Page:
Data archives are for long term preservation of digital data. Most digital storage media (optical discs, hard drives) have reliable lifetimes of only a few years. An archive ensures that data is preserved and maintained in file formats that are most likely to be useable in the future.
Data sharing is considered an important part of academic research that encourages open inquiry into research results and conclusions, as well as promoting data reuse and repurposing. Most archives facilitate data sharing and allow the data owner to maintain control over their data without needing to provide the facilities themselves.
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Data dissemination is actively making your data accessible to others. Some researchers make their datasets available via their personal or group websites.
Data sharing is done in three ways:
Archiving is the preferred option as most archives the dual purpose of data preservation and dissemination. Their archives usually have a search utility and are often indexed by the major web search engines, thus increasing the chances of other researchers using and crediting your datasets and publications. Archiving datasets also means the dataset owner does not need to maintain a website and can specify a wide range of access controls.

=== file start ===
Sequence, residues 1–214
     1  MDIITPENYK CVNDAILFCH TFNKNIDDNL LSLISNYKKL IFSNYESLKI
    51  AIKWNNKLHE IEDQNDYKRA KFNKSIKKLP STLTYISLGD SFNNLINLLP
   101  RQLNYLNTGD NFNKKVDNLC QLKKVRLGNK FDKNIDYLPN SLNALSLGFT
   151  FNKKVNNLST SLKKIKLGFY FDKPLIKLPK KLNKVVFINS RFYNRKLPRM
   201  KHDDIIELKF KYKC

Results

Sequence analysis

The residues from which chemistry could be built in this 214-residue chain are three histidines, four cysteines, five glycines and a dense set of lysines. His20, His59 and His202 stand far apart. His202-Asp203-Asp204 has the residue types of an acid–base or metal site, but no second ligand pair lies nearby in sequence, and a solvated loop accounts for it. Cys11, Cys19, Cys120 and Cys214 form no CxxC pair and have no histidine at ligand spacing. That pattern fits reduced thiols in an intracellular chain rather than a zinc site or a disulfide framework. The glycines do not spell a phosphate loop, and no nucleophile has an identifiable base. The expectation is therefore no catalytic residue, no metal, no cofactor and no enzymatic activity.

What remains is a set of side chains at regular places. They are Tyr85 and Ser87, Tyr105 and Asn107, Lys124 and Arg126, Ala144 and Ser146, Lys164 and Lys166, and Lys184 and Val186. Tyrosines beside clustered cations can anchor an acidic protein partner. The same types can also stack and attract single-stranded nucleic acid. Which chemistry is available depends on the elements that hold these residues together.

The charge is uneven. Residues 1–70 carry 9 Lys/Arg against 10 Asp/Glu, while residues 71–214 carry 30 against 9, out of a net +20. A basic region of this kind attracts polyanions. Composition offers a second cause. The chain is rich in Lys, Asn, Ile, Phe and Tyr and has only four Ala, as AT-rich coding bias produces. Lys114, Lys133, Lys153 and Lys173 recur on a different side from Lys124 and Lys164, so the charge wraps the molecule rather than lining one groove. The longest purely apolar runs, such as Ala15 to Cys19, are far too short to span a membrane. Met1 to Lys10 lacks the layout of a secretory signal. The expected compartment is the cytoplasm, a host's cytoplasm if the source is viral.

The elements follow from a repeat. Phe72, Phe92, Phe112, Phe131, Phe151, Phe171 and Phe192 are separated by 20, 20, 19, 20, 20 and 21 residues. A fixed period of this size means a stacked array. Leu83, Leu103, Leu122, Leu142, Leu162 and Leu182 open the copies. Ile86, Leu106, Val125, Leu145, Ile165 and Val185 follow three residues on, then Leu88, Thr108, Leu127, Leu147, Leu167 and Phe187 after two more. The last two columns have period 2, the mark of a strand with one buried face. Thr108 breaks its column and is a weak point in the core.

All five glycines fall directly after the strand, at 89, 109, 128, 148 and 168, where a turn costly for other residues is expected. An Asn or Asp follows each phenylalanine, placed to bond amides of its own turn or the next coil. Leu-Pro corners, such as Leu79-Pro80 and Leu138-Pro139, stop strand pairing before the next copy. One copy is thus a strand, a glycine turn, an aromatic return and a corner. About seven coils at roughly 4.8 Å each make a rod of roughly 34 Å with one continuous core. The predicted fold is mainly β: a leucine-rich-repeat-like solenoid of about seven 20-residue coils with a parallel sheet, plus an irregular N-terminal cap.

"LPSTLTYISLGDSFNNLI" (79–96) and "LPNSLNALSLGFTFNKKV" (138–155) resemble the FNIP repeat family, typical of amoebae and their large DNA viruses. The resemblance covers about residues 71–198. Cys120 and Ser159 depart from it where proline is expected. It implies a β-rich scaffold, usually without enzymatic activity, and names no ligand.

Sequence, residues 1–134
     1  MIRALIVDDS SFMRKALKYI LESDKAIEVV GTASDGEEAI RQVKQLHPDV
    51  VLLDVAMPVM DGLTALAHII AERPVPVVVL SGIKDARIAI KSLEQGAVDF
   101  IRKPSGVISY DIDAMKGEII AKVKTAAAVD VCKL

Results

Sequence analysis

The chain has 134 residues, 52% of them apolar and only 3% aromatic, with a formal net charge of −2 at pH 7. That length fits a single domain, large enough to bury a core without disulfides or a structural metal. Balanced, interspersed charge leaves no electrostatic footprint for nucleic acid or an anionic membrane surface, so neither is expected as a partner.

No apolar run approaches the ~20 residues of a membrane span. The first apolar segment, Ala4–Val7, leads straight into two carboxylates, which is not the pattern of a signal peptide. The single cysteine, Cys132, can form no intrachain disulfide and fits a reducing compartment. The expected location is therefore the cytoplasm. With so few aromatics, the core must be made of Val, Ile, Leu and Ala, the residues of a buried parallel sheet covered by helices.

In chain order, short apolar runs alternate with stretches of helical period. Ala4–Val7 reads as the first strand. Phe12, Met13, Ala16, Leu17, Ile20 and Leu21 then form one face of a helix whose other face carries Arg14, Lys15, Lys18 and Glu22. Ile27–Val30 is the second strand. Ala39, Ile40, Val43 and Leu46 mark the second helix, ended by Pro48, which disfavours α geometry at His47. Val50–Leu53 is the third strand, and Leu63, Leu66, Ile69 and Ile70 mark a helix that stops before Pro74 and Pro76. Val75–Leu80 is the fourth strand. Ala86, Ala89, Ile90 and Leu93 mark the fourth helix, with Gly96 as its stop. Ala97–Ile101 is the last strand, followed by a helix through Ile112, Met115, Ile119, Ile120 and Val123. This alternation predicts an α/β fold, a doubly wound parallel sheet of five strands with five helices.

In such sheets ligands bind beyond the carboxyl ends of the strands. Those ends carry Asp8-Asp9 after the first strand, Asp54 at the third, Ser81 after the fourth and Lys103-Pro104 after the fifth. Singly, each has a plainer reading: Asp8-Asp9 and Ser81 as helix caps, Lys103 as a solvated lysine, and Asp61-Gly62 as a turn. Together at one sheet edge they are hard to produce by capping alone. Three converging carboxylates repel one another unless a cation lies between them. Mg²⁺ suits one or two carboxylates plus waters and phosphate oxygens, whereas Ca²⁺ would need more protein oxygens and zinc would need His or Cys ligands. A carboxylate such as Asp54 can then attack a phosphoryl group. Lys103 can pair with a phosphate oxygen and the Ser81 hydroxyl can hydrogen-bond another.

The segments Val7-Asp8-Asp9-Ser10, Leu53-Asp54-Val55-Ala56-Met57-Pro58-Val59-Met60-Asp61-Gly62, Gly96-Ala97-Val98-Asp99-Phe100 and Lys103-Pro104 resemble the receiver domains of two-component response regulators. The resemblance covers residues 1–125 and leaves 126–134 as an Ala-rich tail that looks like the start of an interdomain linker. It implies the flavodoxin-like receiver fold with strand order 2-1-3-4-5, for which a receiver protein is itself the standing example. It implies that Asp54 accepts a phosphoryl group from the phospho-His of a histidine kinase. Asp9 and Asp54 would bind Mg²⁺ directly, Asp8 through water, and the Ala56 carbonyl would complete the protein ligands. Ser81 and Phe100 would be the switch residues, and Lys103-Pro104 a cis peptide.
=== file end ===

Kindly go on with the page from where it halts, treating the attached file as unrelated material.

If your dataset is online, then including the link in your publications will greatly increase its use and exposure.
ANU supports the FAIR data principles (Findable, Accessible, Interoperable, Reusable) drafted by the FORCE11 group in 2015. The principles are a useful framework for thinking about sharing data in a way that will enable maximum use and reuse
Translating the FAIR principles in practice will be different for different disciplines, however the below guidelines set out the broad principles:
This includes assigning a persistent identifier (like a DOI or Handle), having rich metadata to describe the data and making sure it is findable through disciplinary discovery portals (local and international).